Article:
Researchers at Imperial College London created a bioreactor to allow heart tissue to experience mechanical forces in sync with the beats, like it would in the body, to study the mechanics of healthy and diseased hearts.
It is difficult to study hearts in the laboratory because of their incredible ability to change in response to their environment. Hearts in healthy athletes enlarge to support the increased demands on the body, hearts in those with chronic hypertension get thicker and less elastic and can eventually fail.
Heart tissue in labs undergoes remodeling, making it difficult to understand heart physiology and to develop new medicines for heart disease. Graduate student Fotios Pitoulis, working in Cesare Terracciano's lab at Imperial College London, in collaboration with Pieter de Tombe, created a new system to study heart tissue within a physiological environment.
They will present their work at the 63rd Biophysical Society Annual Meeting, to be held March 2 - 6, 2019 in Baltimore, Maryland.
"The heart needs to generate force and shorten at the same time to squeeze blood out; this is not usually something you see in in vitro heart models," Terracciano said.
Using tiny pieces of heart tissue with preserved structure and function, they were able to recapitulate the sequence of mechanical events as found in the body. This was done by creating a custom bioreactor that allows the tissue to shorten in sync with electrical stimulation.
To see whether the heart tissue in their system behaved like it would inside the body, they added noradrenaline and changed the workload on the tissue to simulate normal conditions and disease. The team observed changes in force similar to those observed in hearts in vivo..
The new aspects of this system is that contraction parameters can be promptly adjusted using computer algorithms to mimic normal or disease conditions, for example to recreate the stiffer conditions of high blood pressure.
"If you have high blood pressure, you affect how the heart cells work. We can recreate this condition to understand what happens at the level of the tissue," Terracciano said.
Pitoulis added, "We now have a unique tool to study the mechanical and electrical properties of heart tissue, as well as long-term changes that happen at the molecular level within the context of healthy heart or disease."
The Biophysical Society, founded in 1958, is a professional, scientific Society established to encourage development and dissemination of knowledge in biophysics. Its 9,000 members are located throughout the U.S. and the world, where they teach and conduct research in colleges, universities, laboratories and government agencies. The Annual Meeting attracts over 6,000 attendees and features more than 900 posters and over 500 speakers. http://www.
Sean Winkler | EurekAlert!
To proliferate or not to proliferate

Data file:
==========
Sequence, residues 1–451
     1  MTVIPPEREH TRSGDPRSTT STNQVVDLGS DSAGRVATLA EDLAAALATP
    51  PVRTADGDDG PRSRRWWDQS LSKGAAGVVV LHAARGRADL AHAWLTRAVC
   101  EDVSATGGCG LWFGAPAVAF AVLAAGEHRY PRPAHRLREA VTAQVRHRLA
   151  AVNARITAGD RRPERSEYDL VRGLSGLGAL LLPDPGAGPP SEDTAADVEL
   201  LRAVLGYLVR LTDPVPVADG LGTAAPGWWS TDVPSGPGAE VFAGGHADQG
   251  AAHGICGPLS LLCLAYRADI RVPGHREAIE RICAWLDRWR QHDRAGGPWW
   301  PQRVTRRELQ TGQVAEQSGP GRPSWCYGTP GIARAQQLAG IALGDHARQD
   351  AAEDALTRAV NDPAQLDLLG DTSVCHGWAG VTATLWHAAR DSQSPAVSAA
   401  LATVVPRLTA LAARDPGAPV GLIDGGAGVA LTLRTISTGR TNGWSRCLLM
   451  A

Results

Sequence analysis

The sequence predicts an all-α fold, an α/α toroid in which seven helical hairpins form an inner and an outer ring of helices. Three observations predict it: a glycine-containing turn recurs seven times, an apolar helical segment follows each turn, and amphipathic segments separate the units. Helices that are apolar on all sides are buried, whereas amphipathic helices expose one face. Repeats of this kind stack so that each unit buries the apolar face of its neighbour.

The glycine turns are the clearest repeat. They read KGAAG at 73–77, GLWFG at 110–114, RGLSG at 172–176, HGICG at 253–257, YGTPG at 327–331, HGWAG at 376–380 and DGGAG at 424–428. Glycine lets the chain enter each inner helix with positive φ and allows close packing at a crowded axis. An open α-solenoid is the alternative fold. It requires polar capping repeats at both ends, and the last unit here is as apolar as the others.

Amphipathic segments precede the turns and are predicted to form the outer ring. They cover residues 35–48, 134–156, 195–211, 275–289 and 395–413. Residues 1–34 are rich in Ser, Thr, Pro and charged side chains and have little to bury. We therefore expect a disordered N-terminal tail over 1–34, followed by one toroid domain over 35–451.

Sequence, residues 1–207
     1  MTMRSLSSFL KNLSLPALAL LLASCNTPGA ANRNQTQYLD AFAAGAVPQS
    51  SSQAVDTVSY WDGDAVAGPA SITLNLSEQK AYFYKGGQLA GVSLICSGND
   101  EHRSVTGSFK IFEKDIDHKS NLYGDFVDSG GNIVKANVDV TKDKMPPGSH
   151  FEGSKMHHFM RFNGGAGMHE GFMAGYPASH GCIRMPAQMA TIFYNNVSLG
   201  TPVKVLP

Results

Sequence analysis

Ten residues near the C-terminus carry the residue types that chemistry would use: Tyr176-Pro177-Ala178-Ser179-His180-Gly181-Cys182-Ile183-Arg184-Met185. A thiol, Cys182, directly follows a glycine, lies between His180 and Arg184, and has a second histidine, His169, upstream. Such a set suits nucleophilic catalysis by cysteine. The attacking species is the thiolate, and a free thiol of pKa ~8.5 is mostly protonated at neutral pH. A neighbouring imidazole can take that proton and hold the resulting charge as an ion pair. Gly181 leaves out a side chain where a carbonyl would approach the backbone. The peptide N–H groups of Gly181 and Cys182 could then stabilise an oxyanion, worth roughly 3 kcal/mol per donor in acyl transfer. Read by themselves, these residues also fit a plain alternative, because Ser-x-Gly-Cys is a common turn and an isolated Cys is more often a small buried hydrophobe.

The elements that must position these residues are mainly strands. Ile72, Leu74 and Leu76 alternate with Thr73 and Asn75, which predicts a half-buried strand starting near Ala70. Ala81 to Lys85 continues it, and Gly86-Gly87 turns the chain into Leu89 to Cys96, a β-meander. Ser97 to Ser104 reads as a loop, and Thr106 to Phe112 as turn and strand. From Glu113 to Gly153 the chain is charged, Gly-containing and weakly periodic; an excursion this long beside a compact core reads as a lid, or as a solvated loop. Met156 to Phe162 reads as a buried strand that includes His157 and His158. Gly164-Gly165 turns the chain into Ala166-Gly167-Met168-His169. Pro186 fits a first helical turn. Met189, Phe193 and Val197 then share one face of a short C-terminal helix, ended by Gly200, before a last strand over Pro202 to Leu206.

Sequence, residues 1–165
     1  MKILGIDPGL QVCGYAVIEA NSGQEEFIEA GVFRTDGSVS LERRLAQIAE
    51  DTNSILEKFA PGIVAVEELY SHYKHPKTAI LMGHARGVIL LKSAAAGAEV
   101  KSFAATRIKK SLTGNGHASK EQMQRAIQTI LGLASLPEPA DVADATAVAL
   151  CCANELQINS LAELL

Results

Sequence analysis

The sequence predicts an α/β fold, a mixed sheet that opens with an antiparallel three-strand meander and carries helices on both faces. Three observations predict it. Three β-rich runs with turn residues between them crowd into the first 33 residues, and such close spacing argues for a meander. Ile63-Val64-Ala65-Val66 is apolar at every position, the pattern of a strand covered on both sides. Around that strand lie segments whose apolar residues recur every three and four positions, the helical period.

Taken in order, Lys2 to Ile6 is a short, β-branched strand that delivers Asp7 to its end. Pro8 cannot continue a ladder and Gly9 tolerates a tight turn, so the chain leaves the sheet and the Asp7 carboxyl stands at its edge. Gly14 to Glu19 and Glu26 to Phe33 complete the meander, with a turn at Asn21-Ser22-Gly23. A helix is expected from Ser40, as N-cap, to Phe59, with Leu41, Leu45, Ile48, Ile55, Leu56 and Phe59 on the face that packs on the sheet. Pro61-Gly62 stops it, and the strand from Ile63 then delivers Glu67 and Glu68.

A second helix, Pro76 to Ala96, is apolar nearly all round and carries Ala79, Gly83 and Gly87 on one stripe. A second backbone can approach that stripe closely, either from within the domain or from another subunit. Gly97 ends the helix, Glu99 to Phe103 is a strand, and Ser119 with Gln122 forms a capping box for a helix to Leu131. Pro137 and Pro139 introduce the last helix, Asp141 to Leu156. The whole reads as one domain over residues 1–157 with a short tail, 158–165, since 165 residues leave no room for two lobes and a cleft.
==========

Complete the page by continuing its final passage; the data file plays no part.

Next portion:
21.03.2019 | Max-Planck-Institut für molekulare Zellbiologie und Genetik
Discovery of a Primordial Metabolism in Microbes
21.03.2019 | Leibniz-Institut DSMZ-Deutsche Sammlung von Mikroorganismen und Zellkulturen GmbH
Nano- and microtechnology are promising candidates not only for medical applications such as drug delivery but also for the creation of little robots or flexible integrated sensors. Scientists from the Max Planck Institute for Polymer Research (MPI-P) have created magnetic microparticles, with a newly developed method, that could pave the way for building micro-motors or guiding drugs in the human body to a target, like a tumor. The preparation of such structures as well as their remote-control can be regulated using magnetic fields and therefore can find application in an array of domains.
The magnetic properties of a material control how this material responds to the presence of a magnetic field. Iron oxide is the main component of rust but also...
Due to the special arrangement of its molecules, a new coating made of corn starch is able to repair small scratches by itself through heat: The cross-linking via ring-shaped molecules makes the material mobile, so that it compensates for the scratches and these disappear again.
Superficial micro-scratches on the car body or on other high-gloss surfaces are harmless, but annoying. Especially in the luxury segment such surfaces are...
The Potsdam Echelle Polarimetric and Spectroscopic Instrument (PEPSI) at the Large Binocular Telescope (LBT) in Arizona released its first image of the surface magnetic field of another star. In a paper in the European journal Astronomy & Astrophysics, the PEPSI team presents a Zeeman- Doppler-Image of the surface of the magnetically active star II Pegasi.
A special technique allows astronomers to resolve the surfaces of faraway stars. Those are otherwise only seen as point sources, even in the largest telescopes...
Researchers at Chalmers University of Technology and the University of Gothenburg, Sweden, have proposed a way to create a completely new source of radiation. Ultra-intense light pulses consist of the motion of a single wave and can be described as a tsunami of light. The strong wave can be used to study interactions between matter and light in a unique way. Their research is now published in the scientific journal Physical Review Letters.
"This source of radiation lets us look at reality through a new angle - it is like twisting a mirror and discovering something completely different," says...
New research group at the University of Jena combines theory and experiment to demonstrate for the first time certain physical processes in a quantum vacuum
For most people, a vacuum is an empty space. Quantum physics, on the other hand, assumes that even in this lowest-energy state, particles and antiparticles...
11.03.2019 | Event News
01.03.2019 | Event News
28.02.2019 | Event News
21.03.2019 | Life Sciences
21.03.2019 | Physics and Astronomy
21.03.2019 | HANNOVER MESSE